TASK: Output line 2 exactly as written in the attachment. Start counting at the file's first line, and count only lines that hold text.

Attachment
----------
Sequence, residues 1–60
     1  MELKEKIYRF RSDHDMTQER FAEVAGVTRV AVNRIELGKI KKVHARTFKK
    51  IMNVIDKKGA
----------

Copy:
     1  MELKEKIYRF RSDHDMTQER FAEVAGVTRV AVNRIELGKI KKVHARTFKK